When the b562 variants containing three cysteines were analysed using SDS/PAGE gels stained for covalently bound haem, two major bands were apparent, one corresponding to a monomer (e.g. purified holocytochrome b562 CXXCH) and one corresponding to a dimer. When DTT (dithiothreitol) was added for approx. 30 min after the samples were boiled but before running the gel, the amount of dimer decreased dramatically. These data suggest that the variants can all form disulphide-linked dimers.
ES-MS (electrospray MS) of the purified holocytochrome showed, for each b562 variant (b562 CCXXCH, CCXCH, CXCCH and CXXCHC), peaks with masses corresponding to holocytochrome monomer, apocytochrome–holocytochrome dimer (i.e. dimer with one haem attached) and holocytochrome–holocytochrome dimer. These data both confirm the presence of the desired mutations and imply that the dimerizations probably occurred more slowly than (and hence subsequent to) haem attachment to the cytochromes.
In the absence of expression of the Ccm proteins, incorrectly matured holocytochrome was observed for each of the b562 variants judging by absorption spectra, pyridine haemochrome spectra and SDS/PAGE analysis. Very similar observations were made previously for b562 CXXCH [4,5] and represent haem attachment without the aid of enzyme catalysis. Haem-stained SDS/PAGE gels for each of the triple cysteine variants expressed in the absence of the Ccm proteins showed the formation of dimers, trimers and higher polymers which were predominantly DTT-reducible, as well as monomers. This polymerization is consistent with non-Ccm-dependent haem attachment to b562 CXXCH through only a single cysteine–haem bond [4,5] (hence the variants with three cysteines being able to form disulphides with up to two other protein molecules).
Our data suggest that cytochromes with CCXXCH, CCXCH, CXCCH and CXXCHC motifs can be matured homogeneously and with correct haem attachment by the E. coli Ccm apparatus. Thus our hypothesis that extra cysteine residues in or around the consensus CXXCH haem-binding motif would disrupt the biogenesis proteins has apparently been proved incorrect. Note, however, that, for each variant, the haem could (in principle) be attached to any two of the three cysteines. The absorption spectroscopic methods used in our studies demonstrate that the haem is attached to two of them (i.e. that the two original haem vinyl groups are both saturated), but cannot determine which cysteines. This is of particular relevance for the CCXXCH variant, since the Ccm proteins are known to be able to attach haem to both CXXCH and CXXXCH motifs . It is commonly believed that a disulphide bond in the apocytochrome CXXCH motif is an intermediate in bacterial cytochrome maturation by the Ccm system. Such a disulphide forms most easily within a CXXC grouping (this is the classic thioredoxin motif), thus haem attachment to the two ‘normal’ (i.e. CXXCH) cysteines seems the most likely outcome for each variant.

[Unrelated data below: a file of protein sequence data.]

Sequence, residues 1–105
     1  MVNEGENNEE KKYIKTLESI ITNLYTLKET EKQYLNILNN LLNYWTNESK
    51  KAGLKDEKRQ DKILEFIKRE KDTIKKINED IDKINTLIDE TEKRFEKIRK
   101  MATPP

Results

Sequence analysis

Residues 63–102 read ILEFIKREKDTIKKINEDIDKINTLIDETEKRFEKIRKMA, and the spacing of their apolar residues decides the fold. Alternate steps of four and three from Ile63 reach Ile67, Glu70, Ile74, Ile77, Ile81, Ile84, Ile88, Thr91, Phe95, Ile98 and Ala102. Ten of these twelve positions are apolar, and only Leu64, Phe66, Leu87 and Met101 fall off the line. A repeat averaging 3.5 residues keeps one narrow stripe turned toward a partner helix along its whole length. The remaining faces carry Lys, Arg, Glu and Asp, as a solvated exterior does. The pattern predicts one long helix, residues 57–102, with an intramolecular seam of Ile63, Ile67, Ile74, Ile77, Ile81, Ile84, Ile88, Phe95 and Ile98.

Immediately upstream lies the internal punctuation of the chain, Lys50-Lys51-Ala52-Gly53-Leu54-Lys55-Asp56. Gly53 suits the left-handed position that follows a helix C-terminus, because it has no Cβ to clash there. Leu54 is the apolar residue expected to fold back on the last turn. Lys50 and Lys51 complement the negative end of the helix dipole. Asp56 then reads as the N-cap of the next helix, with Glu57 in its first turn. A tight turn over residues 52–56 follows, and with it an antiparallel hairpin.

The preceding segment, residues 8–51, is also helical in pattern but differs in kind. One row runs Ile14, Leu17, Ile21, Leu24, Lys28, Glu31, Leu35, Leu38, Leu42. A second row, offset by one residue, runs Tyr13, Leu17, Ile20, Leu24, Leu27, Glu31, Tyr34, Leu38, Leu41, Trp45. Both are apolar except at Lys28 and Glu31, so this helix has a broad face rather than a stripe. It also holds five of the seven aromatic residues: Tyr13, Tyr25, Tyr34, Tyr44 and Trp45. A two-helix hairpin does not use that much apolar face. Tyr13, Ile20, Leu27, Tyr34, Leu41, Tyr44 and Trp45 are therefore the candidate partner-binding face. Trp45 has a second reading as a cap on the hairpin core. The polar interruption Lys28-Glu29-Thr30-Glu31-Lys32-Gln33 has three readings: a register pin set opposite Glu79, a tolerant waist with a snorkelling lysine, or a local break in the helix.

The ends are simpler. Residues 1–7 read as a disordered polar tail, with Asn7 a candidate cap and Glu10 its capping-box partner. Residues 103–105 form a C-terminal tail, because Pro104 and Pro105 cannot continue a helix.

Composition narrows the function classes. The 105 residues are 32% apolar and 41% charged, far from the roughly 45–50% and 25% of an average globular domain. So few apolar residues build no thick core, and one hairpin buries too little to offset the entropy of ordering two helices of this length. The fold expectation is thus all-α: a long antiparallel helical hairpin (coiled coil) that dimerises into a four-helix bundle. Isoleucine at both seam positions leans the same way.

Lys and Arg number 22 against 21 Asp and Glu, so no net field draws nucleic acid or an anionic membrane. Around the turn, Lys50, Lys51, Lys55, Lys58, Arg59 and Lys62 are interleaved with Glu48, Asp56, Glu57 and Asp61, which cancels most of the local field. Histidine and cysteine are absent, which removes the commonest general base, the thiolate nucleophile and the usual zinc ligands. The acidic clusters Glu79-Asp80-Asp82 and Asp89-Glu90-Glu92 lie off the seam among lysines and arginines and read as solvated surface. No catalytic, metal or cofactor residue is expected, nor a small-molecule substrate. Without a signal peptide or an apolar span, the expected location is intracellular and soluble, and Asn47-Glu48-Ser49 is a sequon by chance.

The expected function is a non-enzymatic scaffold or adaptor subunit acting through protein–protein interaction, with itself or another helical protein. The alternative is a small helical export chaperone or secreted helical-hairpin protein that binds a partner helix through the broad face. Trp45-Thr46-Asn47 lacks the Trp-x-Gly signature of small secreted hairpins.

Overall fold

So, why are extra cysteine residues not observed in the XX positions of natural c-type cytochrome haem-binding motifs? More generally, why are cysteines other than those in the CXXCH motif very rare overall in the soluble domains of c-type cytochromes? Given that our results suggest that such proteins could be matured (at least by one biogenesis apparatus), the most likely explanation is that free cysteine thiols could react with haem iron and promote destructive chemistry. In particular, a thiol could react with ferric haem to generate a thiyl radical which could then attack the porphyrin ring or the protein. Such reactions have been observed in various conditions (see, e.g., [8,9–10]). Clearly, this is undesirable in the cell, where haem proteins have the potential to do significant oxidative damage, and their formation and properties must be tightly controlled. Another factor is the potential for dimerization via formation of disulphide bonds in the oxidizing environment of the bacterial periplasm, which was clearly apparent in each of our mutants. Any functionally undesirable consequences of dimer formation can be avoided if there are no free cysteine residues available to form disulphide bonds.
The 11th Nitrogen Cycle Meeting 2005: Independent Meeting held at Estación Experimental del Zaidín, Granada, Spain, 15–17 September 2005. Organized and Edited by E.J. Bedmar (Granada, Spain), M.J. Delgado (Granada, Spain) and C. Moreno-Vivián (Córdoba, Spain).
This work was supported by the BBSRC (Biotechnology and Biological Sciences Research Council). We thank Dr Paul Barker (University of Cambridge) for very helpful discussions.